Economics Expert Slams German Feed-In Act, Calling It “An Abuse Of State Power”…”Belongs In The Dustbin”

Dr. Klaus Peter KrauseLast week I wrote how an expert government committee recommended scrapping Germany’s once widely ballyhooed EEG renewable energy feed-in act.

Photo: Dr. Klaus-Peter Krause. Source:

Today at the Freie Presse here economics expert and veteran journalist Dr. Klaus-Peter Krause slams the EEG act, saying “it belongs in the dustbin”: “Too expensive, and too unstable.”

Increasingly as energy poverty in Germany mounts, companies close their factories due to soaring electricity prices, power supply becomes too unstable, and one renewable energy company after another bite the dust, the pressure for the government to scrap renewable energies is growing. Yet the German government obstinately refuses to admit it the act is mortally flawed.

Krause writes that although the share of renewable energy in Germany’s energy-mix has increased, “it has done so at an enormous cost.” According to Krause the costs of the feed-in subsidies have risen form €883 million per year in 2000 to a whopping €23 billion in 2013. Meanwhile over the same period the share of renewable energy rose from 7% to 23%.

Worse, Krause writes that the EEG law has done nothing to reduce CO2 emissions across Europe. Germany’s coal consumption has actually risen over the last few years. “The EEG has not delivered more climate protection, rather only higher electricity costs.” Krause cites Prof. Helmut Alt of the University of Aachen, who calls the EEG act “the most gigantic subsidy law of the postwar period.”

Krause also believes that the EEG act is dividing the country:

The EEG act has created a two-class society of those exploiting the act, and the losers. Those exploiting it are going all out in securing their financial advantage.“

Krause ends by quoting a government official who wishes not to be named:

 The EEG must be regarded as an instrument of abuse by state power and especially contradicts the social-civic responsibility of the legislators.”


Dr. Klaus-Peter Krause studied economics in Kiel und Marburg and was an editor for the Frankfurter Allgemeine Zeitung from 1966 to 2001. He has been an independent journalist, publicist and author since 2004.


6 responses to “Economics Expert Slams German Feed-In Act, Calling It “An Abuse Of State Power”…”Belongs In The Dustbin””

  1. John F. Hultquist

    I think most of us reading this will agree and have understood this was happening. Even more, it was very predictable. So now we have Krause, Alt, and an un-named official saying the same things. Were some of them aware years ago? Did they say so then? If not, when?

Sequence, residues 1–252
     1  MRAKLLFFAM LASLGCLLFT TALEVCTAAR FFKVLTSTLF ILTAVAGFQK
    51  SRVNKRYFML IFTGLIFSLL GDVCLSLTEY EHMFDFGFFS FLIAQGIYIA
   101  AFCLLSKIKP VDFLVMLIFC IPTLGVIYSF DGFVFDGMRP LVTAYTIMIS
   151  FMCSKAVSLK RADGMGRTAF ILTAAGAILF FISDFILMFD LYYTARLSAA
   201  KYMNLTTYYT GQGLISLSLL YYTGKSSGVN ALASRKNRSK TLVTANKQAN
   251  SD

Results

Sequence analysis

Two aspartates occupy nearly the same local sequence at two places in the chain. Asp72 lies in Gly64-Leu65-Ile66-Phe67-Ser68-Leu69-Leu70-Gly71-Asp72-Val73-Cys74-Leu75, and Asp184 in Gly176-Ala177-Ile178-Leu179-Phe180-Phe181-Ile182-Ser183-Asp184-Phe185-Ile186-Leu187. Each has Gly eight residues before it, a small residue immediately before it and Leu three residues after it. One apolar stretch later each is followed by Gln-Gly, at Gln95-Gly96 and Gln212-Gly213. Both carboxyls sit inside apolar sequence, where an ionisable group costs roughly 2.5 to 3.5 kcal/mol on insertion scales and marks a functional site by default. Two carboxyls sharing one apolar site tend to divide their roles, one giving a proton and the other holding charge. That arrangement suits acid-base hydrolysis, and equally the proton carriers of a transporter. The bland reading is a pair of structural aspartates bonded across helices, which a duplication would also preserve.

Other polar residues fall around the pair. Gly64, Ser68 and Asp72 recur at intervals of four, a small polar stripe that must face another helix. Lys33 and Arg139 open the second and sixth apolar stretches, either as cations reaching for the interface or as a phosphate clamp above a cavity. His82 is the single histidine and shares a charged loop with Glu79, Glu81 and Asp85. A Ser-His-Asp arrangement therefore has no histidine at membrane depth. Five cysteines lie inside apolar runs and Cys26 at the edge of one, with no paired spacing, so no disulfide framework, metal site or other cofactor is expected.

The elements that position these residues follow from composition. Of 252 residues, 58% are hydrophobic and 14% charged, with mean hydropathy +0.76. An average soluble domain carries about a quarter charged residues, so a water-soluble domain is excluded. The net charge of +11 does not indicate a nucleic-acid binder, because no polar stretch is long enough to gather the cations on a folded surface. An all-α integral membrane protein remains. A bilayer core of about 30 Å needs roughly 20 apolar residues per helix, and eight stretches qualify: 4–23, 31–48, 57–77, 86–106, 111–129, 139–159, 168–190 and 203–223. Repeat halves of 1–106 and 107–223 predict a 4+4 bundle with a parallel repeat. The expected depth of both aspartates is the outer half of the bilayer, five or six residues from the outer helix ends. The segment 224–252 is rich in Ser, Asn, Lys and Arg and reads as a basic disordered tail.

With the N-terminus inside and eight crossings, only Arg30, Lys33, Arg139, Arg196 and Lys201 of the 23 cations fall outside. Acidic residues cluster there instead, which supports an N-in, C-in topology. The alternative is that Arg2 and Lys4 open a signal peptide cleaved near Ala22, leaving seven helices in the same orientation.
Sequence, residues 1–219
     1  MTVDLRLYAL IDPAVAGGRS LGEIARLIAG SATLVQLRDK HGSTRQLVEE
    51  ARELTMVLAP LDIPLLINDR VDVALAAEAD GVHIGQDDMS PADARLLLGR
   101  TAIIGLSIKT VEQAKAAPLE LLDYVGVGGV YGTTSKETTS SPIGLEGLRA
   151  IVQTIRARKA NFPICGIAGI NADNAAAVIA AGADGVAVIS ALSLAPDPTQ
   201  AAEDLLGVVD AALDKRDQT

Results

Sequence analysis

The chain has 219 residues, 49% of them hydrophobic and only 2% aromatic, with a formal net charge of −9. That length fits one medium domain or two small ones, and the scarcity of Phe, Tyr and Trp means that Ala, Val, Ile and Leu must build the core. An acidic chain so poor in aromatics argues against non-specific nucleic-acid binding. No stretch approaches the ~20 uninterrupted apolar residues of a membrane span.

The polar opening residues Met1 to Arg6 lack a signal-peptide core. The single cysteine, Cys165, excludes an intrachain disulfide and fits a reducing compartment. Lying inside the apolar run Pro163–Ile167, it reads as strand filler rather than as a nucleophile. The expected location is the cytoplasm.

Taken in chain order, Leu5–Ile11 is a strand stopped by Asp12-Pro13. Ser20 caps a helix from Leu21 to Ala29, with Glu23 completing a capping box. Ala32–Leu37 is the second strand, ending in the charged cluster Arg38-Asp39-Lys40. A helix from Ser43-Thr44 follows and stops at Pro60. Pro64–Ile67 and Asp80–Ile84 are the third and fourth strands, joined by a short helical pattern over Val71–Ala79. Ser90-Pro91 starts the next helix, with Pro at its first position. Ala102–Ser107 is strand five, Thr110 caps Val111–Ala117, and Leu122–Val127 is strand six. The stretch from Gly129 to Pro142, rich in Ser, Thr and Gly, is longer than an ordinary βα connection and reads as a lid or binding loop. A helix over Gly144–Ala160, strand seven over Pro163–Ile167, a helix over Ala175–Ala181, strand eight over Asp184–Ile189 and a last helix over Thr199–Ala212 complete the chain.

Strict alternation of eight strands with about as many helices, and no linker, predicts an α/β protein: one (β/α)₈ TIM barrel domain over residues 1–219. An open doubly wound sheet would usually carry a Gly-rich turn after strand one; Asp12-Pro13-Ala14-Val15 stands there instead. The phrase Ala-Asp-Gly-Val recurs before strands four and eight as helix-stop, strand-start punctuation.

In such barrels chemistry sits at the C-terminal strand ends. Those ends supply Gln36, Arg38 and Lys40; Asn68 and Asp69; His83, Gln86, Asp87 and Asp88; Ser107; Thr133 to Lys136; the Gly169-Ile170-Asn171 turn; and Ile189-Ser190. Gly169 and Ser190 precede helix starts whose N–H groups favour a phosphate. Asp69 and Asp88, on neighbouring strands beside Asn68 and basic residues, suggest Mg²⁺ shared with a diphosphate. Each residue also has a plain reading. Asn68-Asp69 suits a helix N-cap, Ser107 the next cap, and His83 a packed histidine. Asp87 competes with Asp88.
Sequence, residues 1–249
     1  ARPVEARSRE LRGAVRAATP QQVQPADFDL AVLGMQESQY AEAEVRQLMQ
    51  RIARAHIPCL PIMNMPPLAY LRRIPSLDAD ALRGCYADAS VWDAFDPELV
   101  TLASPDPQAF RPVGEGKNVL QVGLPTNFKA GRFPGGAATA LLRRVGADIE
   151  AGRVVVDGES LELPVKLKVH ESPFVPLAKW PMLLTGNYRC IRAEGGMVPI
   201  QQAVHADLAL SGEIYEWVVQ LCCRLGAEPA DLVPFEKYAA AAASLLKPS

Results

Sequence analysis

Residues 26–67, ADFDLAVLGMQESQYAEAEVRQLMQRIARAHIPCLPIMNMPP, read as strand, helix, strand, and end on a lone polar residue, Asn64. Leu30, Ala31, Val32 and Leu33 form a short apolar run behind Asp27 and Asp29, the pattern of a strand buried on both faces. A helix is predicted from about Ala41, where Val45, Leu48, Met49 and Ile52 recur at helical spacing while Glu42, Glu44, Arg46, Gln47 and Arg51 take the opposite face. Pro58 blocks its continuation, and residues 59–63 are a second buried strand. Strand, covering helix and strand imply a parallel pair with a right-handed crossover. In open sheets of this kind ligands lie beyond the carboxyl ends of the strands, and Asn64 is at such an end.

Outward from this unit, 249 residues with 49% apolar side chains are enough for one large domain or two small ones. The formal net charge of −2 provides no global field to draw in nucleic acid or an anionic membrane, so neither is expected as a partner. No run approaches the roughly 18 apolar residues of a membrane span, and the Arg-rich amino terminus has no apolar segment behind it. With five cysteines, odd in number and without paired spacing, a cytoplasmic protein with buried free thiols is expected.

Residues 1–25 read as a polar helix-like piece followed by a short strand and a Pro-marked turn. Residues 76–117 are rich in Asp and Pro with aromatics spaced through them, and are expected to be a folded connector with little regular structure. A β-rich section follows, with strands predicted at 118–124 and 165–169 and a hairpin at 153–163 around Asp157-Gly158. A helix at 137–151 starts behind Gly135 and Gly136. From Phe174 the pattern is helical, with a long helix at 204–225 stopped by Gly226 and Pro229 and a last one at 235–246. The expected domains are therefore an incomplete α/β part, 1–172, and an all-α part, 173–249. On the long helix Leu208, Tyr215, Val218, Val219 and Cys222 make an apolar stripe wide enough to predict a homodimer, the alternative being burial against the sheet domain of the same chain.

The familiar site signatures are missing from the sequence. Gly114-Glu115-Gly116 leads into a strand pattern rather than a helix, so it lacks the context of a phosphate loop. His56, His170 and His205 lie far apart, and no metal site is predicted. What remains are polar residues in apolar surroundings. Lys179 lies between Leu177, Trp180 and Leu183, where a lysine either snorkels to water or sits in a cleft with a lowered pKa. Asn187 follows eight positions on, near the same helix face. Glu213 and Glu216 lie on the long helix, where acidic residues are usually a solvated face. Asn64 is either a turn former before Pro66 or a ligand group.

Above the title of the post are 2 lines that begin with Browse –
    The “Our Climate in Pictures” link gives a 404 Not Found error

  2. DirkH

    “The EEG must be regarded as an instrument of abuse by state power and especially contradicts the social-civic responsibility of the legislators.”

    And, it was created by two leftist parties, the social democrats and the Greens, in 1999, after they formed a coalition government… leftists who regularly maintain they fight for the interests of the little guy… And they still claim that their monstrous price rigging law gives control to the little guy because now everyone can produce his own power, not have to buy it from huge companies… Well, that’s not much of a help if the self produced power is intermittent and 5 times as expensive. Stupid or evil? you decide…

  3. Kevin Marshall

    There was a time, at least in Britain, when large scale projects, like building a new road, underwent a cost-benefit analysis. That is to demonstrate that the project would create a better state of affairs than do nothing. When the decision was made to go ahead with the project, it would be awarded to a contractor who had the capability to bring the project in on-time and within budget. It did not often work well, but it did confront some of the issues, and draw upon a diverse range of specialist skills.
    With catastrophic global warming, the identification of a potential problem by a small number of applied scientists in a new discipline, seemed to point to an obvious solution. There was no proper measurement of the size of that potential problem, nor rigorous examination of the expected policy costs, nor the ability of those implementing the policy to deliver. Yet an engineering project, like a road, is far simpler to deliver than mitigation of global greenhouse gas emissions. Policy will always fail if people do not first grapple with the issues, just like a road builder will fail if they do not understand geology, road engineering, and project management.

    1. DirkH

      Let’s just rebuild the entire country. Hail Sustainable Development!

  4. Weekly Climate and Energy News Roundup | Watts Up With That?
  5. Brian H

    When the Germans are being stupid and suicidal, they’re very systematic and thorough about it, and hard to deflect.

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